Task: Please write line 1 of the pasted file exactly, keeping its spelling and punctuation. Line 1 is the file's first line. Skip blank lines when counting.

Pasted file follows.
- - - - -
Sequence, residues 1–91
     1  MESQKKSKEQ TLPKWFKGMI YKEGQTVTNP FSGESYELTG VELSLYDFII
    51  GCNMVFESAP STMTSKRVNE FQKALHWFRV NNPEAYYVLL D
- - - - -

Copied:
Sequence, residues 1–91